Born in Trichinopoly on November 7, 1888, C.V. Raman gained entrance to the prestigious Presidency College, Madras, in 1902
India is paying rich tributes to Sir Chandrasekhara Venkata Raman, who is fondly known as C.V. Raman, today on his 48th death anniversary. The physics genius has not only won accolades and awards but is also an influential figure behind the growth of science in India. Here are five things you should know about C.V. Raman.
1. Born in Trichinopoly on November 7, 1888, C.V. Raman gained entrance to the prestigious Presidency College, Madras, in 1902. In 1904, Raman passed his B.A. examination with distinction and got a gold medal in physics. Raman got his master’s degree in physics with the highest distinction at Presidency College.
2. After his post graduation, C.V. Raman worked as an accountant in the finance department of the then Indian government. He subsequently began teaching physics at the University of Calcutta in 1917. In 1933, Raman was appointed as the head of the department of physics at Indian Institute of Science in Bangalore. He became director of Raman Research Institute in 1947. Raman also became a member of the Pontifical Academy of Science in 1961.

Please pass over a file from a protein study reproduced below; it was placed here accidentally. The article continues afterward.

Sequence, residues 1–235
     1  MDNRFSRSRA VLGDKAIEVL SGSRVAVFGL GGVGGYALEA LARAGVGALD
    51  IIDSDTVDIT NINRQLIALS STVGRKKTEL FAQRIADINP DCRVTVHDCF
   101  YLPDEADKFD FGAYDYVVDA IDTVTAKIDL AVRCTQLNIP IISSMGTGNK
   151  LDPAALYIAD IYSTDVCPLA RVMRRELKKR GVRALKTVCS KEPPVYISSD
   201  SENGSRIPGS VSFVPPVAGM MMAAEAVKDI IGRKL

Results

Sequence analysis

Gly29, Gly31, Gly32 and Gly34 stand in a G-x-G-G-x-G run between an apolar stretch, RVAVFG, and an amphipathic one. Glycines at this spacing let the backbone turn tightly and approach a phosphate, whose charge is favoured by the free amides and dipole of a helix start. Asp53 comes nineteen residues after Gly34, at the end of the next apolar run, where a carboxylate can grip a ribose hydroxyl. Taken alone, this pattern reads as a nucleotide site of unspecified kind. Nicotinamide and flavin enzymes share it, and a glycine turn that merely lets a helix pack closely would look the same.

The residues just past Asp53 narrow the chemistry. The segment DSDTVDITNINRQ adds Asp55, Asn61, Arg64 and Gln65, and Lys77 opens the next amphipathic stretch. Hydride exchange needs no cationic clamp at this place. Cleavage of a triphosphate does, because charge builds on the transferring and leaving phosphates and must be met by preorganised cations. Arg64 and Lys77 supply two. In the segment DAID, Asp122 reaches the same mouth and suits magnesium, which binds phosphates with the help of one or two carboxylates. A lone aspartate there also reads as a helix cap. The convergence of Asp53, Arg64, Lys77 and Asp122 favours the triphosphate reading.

3. In 1928, C.V Raman discovered the Raman scattering and the Raman effect. During a research, Raman found that after light passes through a transparent substance, some porton of light was of different frequencies Raman received the knighthood award in 1929. In 1930, C.V Raman the 1930 Nobel Prize in Physics. Raman was the second Indian to get the award after Rabindranath Tagore received it in 1913. Raman was awarded the Bharat Ratna in 1954. On February 28 every year, India celebrates National Science Day to commemorate the discovery of the Raman effect.
4. Raman authored illustrious works. His memoirs published as Bulletins of the Indian Association for the Cultivation of Science. Raman also contributed to the 8th Volume of the Handbuch der Physik, 1928. Raman’s work on “Molecular Diffraction of Light” was published in 1928.
5. Apart from these accolades, Raman made an immense contribution in setting up Indian research institutions during his time. He set up the Indian Journal of Physics and the Indian Academy of Sciences. Raman’s nephew Subrahmanyan Chandrasekhar was also recipient of the Nobel Prize. He won it in 1983.